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Cisplatin-induced Kidney Damage in Myeloma

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Cisplatin-induced kidney damage is a common side effect cancer patients undergoing cisplatin therapy.  For myeloma patients, the risk of kidney damage is greater because many NDMM patients present with kidney damage.

The article linked and excerpted below highlights the dangers of cisplatin’s nephrotoxicity. Multiple myeloma itself can also can cause kidney damage.

I am a long-term MM survivor and MM cancer coach. Experience has taught me that kidney damage is almost a separate health problem from multiple myeloma. Meaning, each health challenge should be treated separately. As you can see below, cisplatin-induced kidney damage is only one of many different kidney problems faced by MM patients.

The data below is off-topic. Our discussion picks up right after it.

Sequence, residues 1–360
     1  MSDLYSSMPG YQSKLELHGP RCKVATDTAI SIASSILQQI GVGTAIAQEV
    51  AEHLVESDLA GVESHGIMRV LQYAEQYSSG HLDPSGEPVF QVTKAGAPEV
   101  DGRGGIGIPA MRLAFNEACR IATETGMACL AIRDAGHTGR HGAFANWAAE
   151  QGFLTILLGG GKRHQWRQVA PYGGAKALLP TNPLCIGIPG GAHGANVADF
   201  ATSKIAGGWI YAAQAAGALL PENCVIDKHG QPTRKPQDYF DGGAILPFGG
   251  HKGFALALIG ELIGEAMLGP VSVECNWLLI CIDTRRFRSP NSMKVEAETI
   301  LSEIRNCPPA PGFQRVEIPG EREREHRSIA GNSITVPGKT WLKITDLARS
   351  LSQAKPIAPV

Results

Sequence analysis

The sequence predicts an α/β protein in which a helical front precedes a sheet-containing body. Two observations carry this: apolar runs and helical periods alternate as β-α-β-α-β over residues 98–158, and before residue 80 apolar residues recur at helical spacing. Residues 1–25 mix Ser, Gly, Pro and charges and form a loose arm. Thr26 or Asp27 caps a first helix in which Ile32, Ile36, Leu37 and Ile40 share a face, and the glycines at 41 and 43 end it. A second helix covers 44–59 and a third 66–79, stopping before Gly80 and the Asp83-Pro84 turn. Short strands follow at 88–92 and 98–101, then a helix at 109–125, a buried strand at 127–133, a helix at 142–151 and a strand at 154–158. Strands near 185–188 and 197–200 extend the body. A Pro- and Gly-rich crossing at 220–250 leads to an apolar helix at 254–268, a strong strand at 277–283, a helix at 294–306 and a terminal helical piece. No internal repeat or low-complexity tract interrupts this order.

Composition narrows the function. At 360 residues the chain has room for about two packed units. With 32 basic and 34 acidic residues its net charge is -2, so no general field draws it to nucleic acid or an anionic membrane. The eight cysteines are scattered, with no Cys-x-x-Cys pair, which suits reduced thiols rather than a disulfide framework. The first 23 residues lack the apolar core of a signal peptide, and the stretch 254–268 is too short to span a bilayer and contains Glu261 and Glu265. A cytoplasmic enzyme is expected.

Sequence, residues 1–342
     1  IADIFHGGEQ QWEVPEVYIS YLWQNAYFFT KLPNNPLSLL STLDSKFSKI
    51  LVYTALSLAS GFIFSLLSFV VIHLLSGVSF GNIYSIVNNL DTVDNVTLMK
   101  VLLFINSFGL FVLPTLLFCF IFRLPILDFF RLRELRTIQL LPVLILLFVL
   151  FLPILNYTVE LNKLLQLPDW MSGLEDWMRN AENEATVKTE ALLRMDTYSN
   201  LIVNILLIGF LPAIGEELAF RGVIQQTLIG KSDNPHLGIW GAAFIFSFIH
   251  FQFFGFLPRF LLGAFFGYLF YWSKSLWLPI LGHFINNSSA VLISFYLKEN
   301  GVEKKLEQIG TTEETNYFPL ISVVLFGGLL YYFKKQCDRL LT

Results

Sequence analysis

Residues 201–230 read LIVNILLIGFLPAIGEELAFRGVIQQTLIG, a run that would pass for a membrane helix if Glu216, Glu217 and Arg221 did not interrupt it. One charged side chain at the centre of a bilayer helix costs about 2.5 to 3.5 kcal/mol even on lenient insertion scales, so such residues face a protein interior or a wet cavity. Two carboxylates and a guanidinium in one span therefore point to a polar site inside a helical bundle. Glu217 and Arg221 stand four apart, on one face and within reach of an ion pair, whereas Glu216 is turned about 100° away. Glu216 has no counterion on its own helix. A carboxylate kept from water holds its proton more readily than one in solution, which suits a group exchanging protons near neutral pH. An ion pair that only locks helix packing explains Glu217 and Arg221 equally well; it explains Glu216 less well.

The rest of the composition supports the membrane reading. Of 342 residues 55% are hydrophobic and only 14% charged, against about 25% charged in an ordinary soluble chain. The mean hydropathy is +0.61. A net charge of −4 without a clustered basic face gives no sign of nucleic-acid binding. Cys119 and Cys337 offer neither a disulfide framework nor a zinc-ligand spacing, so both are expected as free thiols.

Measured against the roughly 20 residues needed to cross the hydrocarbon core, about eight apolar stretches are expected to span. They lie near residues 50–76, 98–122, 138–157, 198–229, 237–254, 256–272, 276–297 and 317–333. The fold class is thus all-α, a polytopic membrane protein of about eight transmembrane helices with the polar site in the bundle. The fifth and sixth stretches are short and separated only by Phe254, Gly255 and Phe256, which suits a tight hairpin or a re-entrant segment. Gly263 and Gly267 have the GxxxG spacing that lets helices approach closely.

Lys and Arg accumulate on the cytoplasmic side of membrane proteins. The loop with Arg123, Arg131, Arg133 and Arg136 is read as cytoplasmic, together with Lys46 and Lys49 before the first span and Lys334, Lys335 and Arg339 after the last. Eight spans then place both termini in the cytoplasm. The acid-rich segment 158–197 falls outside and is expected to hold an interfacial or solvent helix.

How many ways can multiple myeloma patients experience kidney damage?

  1. Cast Nephropathy (Myeloma Kidney):
    • This is the most common cause of kidney damage in multiple myeloma. Light chains (Bence Jones proteins) produced by the myeloma cells can precipitate in the renal tubules, forming obstructive casts. These casts cause tubular damage and interstitial inflammation, leading to renal insufficiency.
  2. Light Chain Deposition Disease (LCDD):
    • In this condition, light chains are deposited in various tissues, including the kidneys. The deposition of these proteins in the glomeruli, tubules, and interstitium can lead to progressive kidney damage and renal failure.
  3. Amyloidosis (AL Amyloidosis):